Today our experts answer two of your burning company car questions...
A company car is a vehicle your company provides an employee for business purposes and sometimes private use.
But don't be fooled by this simple definition. Dealing with company cars is complex - and not just when dealing with PAYE! The questions our tax experts get on this topic are proof of this.
Continue reading to discover our expert's answers to two burning company car questions...
The answers to two very common company car questions
The company car
An employee's favourite perk...
An accountant's little time bomb
Taxing employees on their use of company cars is not as simple as you might think. Travel expense claims and deductions are one of the most common triggers for a SARS audit.
In fact, if you get it wrong you'll face penalties of up to 200% from SARS. And to top it off your employees will either pay too much tax or not enough. Either way, the admin to sort it out is just not worth your time.
The good news is that 90+% of the penalties involve only four mistakes that you can easily disarm today…
Question #1: My employee wants to buy the car from the company after his right to use it as a company car comes to an end. What should I do in this case?
Tax experts behind the Practical Tax Handbook explain that if your company sells the car to the employee at market value or at the depreciated value, your employee won't have a tax liability.
But if your company sells the car to him at a price below the market value, this is a taxable fringe benefit. Your employee will have to account for tax on this.
Also check out this article. It explains further what you need to do when an employee wants to buy a company car.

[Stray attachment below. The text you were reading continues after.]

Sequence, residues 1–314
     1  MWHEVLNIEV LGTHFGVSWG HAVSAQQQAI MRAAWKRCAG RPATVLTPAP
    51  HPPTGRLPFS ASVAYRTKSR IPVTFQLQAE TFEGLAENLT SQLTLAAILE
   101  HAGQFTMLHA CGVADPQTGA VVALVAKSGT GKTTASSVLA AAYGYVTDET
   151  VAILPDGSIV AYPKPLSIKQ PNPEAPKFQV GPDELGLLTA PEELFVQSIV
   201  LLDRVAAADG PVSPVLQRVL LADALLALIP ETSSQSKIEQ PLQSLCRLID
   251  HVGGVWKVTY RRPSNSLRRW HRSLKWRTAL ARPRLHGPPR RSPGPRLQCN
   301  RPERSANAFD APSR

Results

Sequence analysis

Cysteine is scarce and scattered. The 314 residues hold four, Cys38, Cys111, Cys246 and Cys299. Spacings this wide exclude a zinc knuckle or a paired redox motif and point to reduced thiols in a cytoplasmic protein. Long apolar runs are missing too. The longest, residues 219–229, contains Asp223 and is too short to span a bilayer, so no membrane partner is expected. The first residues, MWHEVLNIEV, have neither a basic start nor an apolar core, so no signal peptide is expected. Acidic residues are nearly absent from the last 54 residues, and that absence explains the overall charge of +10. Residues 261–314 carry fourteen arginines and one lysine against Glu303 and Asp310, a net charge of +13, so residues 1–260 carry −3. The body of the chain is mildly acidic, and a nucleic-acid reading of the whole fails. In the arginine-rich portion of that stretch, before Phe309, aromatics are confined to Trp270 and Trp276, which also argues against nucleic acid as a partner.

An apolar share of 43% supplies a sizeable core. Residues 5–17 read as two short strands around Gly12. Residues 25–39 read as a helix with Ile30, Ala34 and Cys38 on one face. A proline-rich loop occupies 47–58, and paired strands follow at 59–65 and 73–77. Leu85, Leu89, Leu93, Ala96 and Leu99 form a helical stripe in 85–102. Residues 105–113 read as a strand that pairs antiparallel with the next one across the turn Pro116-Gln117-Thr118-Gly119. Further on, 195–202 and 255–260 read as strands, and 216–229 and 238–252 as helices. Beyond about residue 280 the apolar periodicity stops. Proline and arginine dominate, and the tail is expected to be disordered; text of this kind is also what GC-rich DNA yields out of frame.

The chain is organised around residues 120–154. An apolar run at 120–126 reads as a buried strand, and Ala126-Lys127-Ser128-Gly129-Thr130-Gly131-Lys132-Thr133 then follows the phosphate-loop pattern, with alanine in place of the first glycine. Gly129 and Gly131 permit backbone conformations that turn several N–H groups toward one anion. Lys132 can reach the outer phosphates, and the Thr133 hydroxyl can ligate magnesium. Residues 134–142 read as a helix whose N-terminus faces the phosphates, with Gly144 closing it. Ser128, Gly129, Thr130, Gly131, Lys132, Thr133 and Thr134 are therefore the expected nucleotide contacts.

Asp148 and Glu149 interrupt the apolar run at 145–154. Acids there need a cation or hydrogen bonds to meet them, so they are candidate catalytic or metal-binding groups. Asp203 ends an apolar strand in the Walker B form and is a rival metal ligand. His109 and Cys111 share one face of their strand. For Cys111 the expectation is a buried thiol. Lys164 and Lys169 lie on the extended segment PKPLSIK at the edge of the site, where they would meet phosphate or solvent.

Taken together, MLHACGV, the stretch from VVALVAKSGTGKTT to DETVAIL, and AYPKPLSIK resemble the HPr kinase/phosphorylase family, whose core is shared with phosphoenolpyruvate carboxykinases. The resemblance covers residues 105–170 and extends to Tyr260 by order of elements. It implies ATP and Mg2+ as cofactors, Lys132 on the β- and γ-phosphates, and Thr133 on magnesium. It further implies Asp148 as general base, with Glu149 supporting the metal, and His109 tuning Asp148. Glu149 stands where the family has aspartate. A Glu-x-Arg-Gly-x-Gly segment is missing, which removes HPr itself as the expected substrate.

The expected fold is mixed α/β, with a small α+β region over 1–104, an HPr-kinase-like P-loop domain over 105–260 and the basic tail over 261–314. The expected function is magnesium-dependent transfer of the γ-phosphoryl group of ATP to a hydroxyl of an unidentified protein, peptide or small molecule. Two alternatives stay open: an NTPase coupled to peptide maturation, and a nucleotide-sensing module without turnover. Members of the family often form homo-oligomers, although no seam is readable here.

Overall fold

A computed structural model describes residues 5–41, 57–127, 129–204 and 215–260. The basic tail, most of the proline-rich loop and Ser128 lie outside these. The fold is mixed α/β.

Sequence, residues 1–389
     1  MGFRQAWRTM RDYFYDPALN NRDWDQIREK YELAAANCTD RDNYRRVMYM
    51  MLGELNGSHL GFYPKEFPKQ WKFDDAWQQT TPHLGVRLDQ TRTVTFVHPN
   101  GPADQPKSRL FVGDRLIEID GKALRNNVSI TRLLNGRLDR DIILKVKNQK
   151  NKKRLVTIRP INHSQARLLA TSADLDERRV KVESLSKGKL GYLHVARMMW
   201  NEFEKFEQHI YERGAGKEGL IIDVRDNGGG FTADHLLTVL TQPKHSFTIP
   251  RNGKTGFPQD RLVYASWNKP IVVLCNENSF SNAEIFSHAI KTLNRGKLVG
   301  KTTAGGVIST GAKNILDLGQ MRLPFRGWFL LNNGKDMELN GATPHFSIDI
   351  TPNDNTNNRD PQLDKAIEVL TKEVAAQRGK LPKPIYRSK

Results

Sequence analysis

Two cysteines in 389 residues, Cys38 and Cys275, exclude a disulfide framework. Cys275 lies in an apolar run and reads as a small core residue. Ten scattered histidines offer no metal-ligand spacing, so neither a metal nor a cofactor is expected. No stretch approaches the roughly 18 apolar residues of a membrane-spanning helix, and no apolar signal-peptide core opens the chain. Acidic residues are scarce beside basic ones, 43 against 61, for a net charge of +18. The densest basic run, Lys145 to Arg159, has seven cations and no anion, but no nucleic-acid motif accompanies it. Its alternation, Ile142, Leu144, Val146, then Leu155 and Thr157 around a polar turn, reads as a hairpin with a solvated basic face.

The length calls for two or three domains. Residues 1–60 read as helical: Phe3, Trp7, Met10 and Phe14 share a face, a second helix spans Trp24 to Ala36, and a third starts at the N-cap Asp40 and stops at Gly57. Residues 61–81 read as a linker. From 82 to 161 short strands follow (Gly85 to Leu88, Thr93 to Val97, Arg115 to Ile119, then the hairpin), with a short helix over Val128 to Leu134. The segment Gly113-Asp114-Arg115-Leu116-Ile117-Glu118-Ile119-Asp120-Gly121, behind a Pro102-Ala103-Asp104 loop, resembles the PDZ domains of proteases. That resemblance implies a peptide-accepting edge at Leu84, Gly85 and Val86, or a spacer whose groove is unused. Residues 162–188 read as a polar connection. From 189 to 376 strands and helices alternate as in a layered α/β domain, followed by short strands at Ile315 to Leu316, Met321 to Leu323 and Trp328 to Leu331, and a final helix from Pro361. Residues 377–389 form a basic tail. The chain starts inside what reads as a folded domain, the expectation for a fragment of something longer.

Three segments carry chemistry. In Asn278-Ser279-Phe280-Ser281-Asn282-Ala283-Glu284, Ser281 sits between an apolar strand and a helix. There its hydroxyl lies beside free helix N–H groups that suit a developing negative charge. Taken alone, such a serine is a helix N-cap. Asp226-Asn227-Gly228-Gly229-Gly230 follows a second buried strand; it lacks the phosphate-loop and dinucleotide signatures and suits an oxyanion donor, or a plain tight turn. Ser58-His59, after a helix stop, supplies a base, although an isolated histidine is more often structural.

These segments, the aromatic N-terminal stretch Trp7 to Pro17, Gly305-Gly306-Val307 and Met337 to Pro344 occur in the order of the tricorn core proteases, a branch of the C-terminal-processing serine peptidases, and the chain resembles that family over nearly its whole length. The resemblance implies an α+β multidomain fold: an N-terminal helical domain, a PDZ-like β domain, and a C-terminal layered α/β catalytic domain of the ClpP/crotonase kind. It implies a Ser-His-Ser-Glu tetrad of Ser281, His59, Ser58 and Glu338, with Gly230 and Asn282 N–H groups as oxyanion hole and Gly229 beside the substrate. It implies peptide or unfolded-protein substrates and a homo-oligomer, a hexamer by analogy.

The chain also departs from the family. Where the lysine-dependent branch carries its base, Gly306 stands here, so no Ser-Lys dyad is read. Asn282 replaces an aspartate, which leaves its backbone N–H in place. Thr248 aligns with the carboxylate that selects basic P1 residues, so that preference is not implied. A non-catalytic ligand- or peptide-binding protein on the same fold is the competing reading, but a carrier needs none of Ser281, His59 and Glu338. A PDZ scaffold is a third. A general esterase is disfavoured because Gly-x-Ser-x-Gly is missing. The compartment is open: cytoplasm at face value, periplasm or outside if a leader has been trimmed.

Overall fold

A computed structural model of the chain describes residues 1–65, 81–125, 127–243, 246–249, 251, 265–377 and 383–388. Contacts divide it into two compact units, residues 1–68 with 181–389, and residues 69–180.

Question #2: What happens with a leased car? We want to buy the car on behalf of the employee. The agreement is that he must pay us back. I want to know if there's a tax saving here.
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According to our experts, in the case of a financial lease, you must register the lease in your name as an employer. Your company will own the car and the vehicle will remain a company car, even if the intention is that your employee will buy it from the company.
If your company pays the premium on the employee's behalf and recovers the premium amount from him (without giving him a benefit), he won't be taxed on this. After all, the situation would be the same as if he (employee) had paid the premium himself.
There you have it. We hope these answers have given you some clarity on company cars.
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Make it a compulsory company policy that your staff keep accurate logbooks if they make use of the company car. Download a sample template of the SARS approved here.
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